Lectures for DLA’s 137th year

The DLA opened its 137th year with ‘Angelic Streets’ on Monday 2nd September 7.30pm. It was the encouraging story of one man’s crusade to recover late-night town and city centres from the scourge of binge drinking. Paul Blakey MBE explained how his Street Angels initiative to improve behaviour and protect the vulnerable has spread across the UK.

The 2019-20 season of lectures will include travel, art, ancient Egypt and much more.

  • Lectures take place from September to April, usually second Monday of each month
  • 7.30pm at Carmel RC College, The Headlands, Darlington DL3 8RP
  • Membership is £25; visitor entrance is £5
  • Member and visitor details on www.darlingtonlecture.org.uk, call 01325 363350 or email dlecture@live.co.uk

PROGRAMME:

2nd December: Nostalgic Views of the North is John Moreels’s title for the selection of historic pictures, from a hoard of 150,000 he found in a Newcastle photographic firm’s attic.

Mr Moreels will tell of his discovery of a cache of historical images and how they are being preserved for posterity.

The 500-box hoard of 150,000 lantern slides, glass plates and negatives assembled by the photographers Philipson became the Ward Philipson Collection. Its importance is such that a National Lottery grant was made to enable John, his wife Sheila and a small band of volunteers to set up a website showcase of the images. Most of the boxes still have not been explored. The team scan some 100 pictures a month into the site which now hosts some 15,500 of them,

13th January 2020: ‘Picasso and Matisse – the Best of Friendly Rivals’ (pictured) by Ray Warburton
What sport these paint-splashed lads would have had with a news story long after their deaths. “Joshing” is one description of their relationship. So the repartee would have sparkled if they could have known that thieves who lifted a £21m Picasso from a billionaire’s yacht didn’t bother with an also-pricey Matisse lying beside it.

Mr Warburton OBE has a considerable reputation as an art historian. His day job is to explain to visitors the fine collections at Tate Modern and Tate Britain. Pablo and Henri both produced prolific art in mediums of all kinds and in constantly evolving styles during their long lives. Few have more expertise on their work than our speaker and he has become fascinated by their amicable creative rivalry.

The lecture explains how their rivalry manifested itself in their lives and art-making. Picasso comes out on top, we judge, in the quality of the many of epigrams he coined. “Everything you can imagine is real,” for instance. The Frenchman would have been hard put to cap that as a quip in defence of the challenging imaginings that so often sprang from the palettes of both men.

10th February 2020: The Chelsea Flower Show
Chelsea is a brief springtime extravaganza, a week-long Cup Final where Britain’s horticultural elite battle for trophies and perhaps shake hands with the Queen.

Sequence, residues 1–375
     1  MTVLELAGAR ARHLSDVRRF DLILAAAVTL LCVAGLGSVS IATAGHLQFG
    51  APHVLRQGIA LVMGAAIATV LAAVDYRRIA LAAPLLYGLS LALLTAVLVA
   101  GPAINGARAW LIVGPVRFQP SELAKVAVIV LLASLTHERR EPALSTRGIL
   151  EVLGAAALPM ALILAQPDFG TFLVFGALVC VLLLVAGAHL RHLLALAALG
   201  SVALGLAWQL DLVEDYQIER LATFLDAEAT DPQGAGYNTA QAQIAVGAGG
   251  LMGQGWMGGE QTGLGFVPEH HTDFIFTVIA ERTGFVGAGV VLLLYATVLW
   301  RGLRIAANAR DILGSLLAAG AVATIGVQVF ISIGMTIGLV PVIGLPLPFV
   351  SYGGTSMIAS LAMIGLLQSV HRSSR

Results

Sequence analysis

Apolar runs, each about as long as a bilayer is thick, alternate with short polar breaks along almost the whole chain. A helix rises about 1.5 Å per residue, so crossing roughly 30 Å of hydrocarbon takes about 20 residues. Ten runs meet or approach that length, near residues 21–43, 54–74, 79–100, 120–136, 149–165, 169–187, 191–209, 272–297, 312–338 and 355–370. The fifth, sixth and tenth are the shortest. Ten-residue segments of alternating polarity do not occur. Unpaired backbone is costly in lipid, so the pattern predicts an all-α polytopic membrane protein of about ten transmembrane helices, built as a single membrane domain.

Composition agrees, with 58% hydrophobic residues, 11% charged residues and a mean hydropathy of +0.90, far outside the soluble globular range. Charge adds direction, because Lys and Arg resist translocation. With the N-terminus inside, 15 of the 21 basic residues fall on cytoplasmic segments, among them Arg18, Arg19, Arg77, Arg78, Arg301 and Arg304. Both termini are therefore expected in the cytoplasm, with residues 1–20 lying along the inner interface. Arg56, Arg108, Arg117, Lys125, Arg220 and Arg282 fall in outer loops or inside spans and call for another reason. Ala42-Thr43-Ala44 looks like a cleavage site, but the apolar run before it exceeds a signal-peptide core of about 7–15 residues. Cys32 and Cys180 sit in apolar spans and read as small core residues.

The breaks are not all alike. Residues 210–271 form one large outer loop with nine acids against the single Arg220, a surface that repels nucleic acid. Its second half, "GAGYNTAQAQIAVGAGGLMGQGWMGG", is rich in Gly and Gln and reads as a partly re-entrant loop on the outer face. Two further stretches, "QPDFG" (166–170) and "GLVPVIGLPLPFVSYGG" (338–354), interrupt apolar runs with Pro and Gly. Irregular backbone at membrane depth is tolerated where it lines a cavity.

The largest of the 26 or so create-a-Chelsea-garden competitors spend up to £1m each; the cost of the whole shebang with sponsorship is many millions. And tickets can be over £100, even before touts get involved. Such a vulgar conversation, my dear, but fascinating.

Mr Stewart is that rare breed, a chartered horticulturalist, and for more than 20 years was head of department at a leading land college. At 13 he had an allotment supplying the local shop. After formal training, his early jobs included growing lettuce and pumpkins for M&S.
Interior landscapes and garden design have been specialities in 1,700 talks given over 25 years so he is well placed to explain the planning and mechanics of creating those special Chelsea gardens. How do they get all those apparently mature trees and full-flower plants to appear so permanent? Just what are the judges looking for?

9th March 2020: ‘Pharaohs, Potions and Pills’ by Jacqueline Campbell
Well, maybe not pills as we know them. But the Ancient Egyptians were certainly into pharmacy. Their capacity to treat all manner of ailments came as a surprise to our speaker and she became intrigued as she researched the gamut of herbs, plants and natural oils they used to postpone death on Nile.

Ancient Egyptians supplied the planet’s first “doctors” skilled in particular fields of medicine. The internet caption to our picture above, for instance, says the procedure shown is anaesthesia. There was also fairly sophisticated preventative medicine giving hygiene and diet. Researchers have learned much from the dissection of mummies.

Dr Campbell’s doctorate is not medical. Her two science degrees and PhD informed much of what we learned from her lecture in 2018 about the vast seed and plant collections assembled by Kew Gardens scientists; tonight’s subject is not unrelated.

30th March 2020: ‘Beguiling Bridges’ by Keith Holmes
AGM at 6.45pm before lecture
Mr Holmes emphasises that tonight’s presentation is not about the engineering and load/stress/shear. It’s about the grace, the aesthetics, the magnificence, of the great bridges. And about the charm, sometimes the quirkiness, of small bridges in the countryside.

Bridges are nothing less than cultural icons. They are songs over troubled waters, they are padlocked romance in Paris, they sigh, Cold War spies are swapped on them, 19th-century trains plunge from them, Billy Goat Gruff was trolled on one, they define boat races and lecture-goers know that in Durham City diving firemen find archaeological treasure beneath them.

Keith, as with his evocative tours of Norfolk and Devon, is a storyteller as well as photographer. So his bridges will be delivered with a tale as well as in sharp focus. One of his favourites is in Thomas Hardy country, a crossing of the modest River Frome in Dorset. There will also be vertigo, with his angle on the spectacular Millau autoroute viaduct soaring above the Tarn; and Roman history with his shots of the Pont du Gard also in southern France.